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Afghanistan women's dorm project will benefit record numbers seeking education William Dowell

Interior walls are being built at a three-story dormitory that will house 372 students, bunked four to a room. U.S. Army Corps of Engineers officials are overseeing construction of the Herat University Women’s Dormitory Project in Afghanistan. A Commander's Emergency Response Program project, it will benefit the large number of women trying to get a higher education after years of being denied under Taliban rule. (U.S. Army Corps of Engineers photo by Bill Dowell/released)

HERAT, Afghanistan - Many Afghan women easily remember being denied a basic education under Taliban rule little more than 12 years ago, but they are now attending school and college in record numbers.

Herat University officials recently announced a huge milestone – 50 percent of applicants who took the Kankor, or entrance, examination were women. To help accommodate these growing numbers, U.S. Army Corps of Engineers employees are overseeing construction of a women’s dormitory for university students, an important step for women’s rights in Afghanistan.

The project is being funded by International Security Assistance Forces’ Regional Command—West under the Commander's Emergency Response Program. Projects under this program can only be authorized if it benefits the Afghan people and it enables commanders to make a quick, positive impact.

University Chancellor Mohammad Nazir said through an interpreter the dormitory is a big solution. He said a short time ago, several families from another province left his office in tears because they didn’t have a place for their daughters to stay while attending university – now he has a good answer for them.

“Once word gets out Herat University has a female dormitory, families from all over the country will be really happy and their daughters will attend Herat University from other provinces all over Afghanistan,” Nazir said through an interpreter. “It will be very good for all the students around the country.”

The three-story dormitory will house 372 students, bunked four to a room. The structure includes locations for study areas and computer labs on each floor. A separate, attached building will house a library with additional study and computer areas.

The Corps’ Transatlantic Afghanistan District, or TAA, has a project manager, project engineer, construction representative and Afghan quality assurance representative, or AQAR, overseeing the project. The AQAR, Eraj, is typically on site daily, providing reports, photos and ensuring Corps quality is being met. Project engineer Mitch Thomas and construction representative Rich Walton also make regular site visits.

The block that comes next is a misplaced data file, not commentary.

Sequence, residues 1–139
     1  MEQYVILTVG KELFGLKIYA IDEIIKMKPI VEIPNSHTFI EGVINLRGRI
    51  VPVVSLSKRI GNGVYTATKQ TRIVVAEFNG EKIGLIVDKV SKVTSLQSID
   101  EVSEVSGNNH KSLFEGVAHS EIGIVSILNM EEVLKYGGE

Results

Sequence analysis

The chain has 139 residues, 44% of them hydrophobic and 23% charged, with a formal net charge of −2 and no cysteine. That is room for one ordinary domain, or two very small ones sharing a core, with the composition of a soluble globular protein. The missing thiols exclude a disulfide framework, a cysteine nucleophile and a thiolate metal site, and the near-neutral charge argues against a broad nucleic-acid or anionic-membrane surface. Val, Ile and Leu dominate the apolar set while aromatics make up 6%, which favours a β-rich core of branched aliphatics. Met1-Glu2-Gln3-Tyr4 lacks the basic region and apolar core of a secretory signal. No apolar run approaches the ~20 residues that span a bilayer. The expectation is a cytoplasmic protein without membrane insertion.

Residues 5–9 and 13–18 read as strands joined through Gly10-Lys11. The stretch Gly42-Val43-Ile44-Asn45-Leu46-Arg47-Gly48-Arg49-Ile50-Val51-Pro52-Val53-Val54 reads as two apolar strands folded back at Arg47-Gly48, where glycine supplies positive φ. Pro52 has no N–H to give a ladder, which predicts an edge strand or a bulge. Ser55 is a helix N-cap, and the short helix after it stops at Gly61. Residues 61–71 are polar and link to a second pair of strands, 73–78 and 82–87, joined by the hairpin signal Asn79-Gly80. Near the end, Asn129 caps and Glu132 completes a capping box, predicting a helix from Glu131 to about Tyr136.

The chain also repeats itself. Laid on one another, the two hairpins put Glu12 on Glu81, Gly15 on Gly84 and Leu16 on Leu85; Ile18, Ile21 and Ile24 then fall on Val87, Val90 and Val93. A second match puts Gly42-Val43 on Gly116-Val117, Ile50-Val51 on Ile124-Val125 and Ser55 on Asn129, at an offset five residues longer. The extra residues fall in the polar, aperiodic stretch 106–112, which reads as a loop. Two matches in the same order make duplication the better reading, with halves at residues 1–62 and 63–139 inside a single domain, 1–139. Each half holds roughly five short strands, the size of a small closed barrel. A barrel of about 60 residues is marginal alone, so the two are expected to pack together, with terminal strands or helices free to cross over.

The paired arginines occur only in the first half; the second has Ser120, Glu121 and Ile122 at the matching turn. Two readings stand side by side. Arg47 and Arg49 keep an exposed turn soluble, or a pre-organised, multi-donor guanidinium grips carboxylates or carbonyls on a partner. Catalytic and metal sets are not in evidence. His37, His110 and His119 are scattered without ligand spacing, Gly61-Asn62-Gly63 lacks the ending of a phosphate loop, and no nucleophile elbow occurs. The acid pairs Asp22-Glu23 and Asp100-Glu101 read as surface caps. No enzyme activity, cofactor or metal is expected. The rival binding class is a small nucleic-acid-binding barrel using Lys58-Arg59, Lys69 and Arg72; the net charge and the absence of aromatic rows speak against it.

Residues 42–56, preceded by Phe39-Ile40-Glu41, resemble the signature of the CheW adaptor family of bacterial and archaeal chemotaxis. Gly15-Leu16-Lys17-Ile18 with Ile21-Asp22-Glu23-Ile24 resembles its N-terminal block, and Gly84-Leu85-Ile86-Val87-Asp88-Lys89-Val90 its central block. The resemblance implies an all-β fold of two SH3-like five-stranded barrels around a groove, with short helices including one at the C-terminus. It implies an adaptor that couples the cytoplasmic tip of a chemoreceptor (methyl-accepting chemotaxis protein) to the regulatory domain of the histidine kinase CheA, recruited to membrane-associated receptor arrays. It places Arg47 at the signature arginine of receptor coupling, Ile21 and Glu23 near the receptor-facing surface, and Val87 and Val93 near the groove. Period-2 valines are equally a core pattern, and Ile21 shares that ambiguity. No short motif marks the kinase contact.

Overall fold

For all Afghanistan projects, Corps officials act as construction agents, meaning they’re tasked and funded by other agencies to oversee construction. Once an agency, like the regional command for this project, identifies a need and receives authorization and funding, the Corps is tasked to build the project. Corps employees contract and oversee construction in accordance with Federal Acquisition Regulations and sound Corps of Engineers construction processes.

The education benefits for this project go beyond just providing a dormitory. Abdullah Foushanji, president of Poushang Construction Company, which won the contract to build the facility, is bringing Herat University engineering students onboard in an off-the-cuff intern program.

“Studying in the field will be better for learning,” said Herat University engineering student Mohammad Vafir, who is currently working with Poushang Construction. “I’m getting lot of knowledge by being here working for this company. It is so useful for me.”

Although not required, Foushanji is paying Vafir, a senior at the university. Vafir went on to say he is grateful for the opportunities the construction company, the Army Corps of Engineers and the U.S. has given him.

“Education is the foundation for moving forward in society,” said TAA South Area Office officer in charge Lt. Col. John Connor. “This women’s dorm gives the Afghan female population an opportunity to move it forward much faster and with a more balanced, maturing perspective.”

“Herat has been a cultural crossroads for a long time. I can’t think of a better opportunity for the people of this region to truly prosper. This project alone symbolizes the very hope that most of us take for granted and that the people of this region have committed to. I will be following their progress for a long time after I leave Afghanistan,” he added.

Herat University offers more than 13 degree programs including engineering, journalism, medicine and veterinary science.

The project was started in August 2013 and TAA took over construction oversight in February 2014. It is on schedule for completion in December.


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This work, Afghanistan women's dorm project will benefit record numbers seeking education, by William Dowell, identified by DVIDS, is free of known copyright restrictions under U.S. copyright law.

Date Taken:03.20.2014

Date Posted:03.20.2014 04:41

Location:HERAT, AFGlobe

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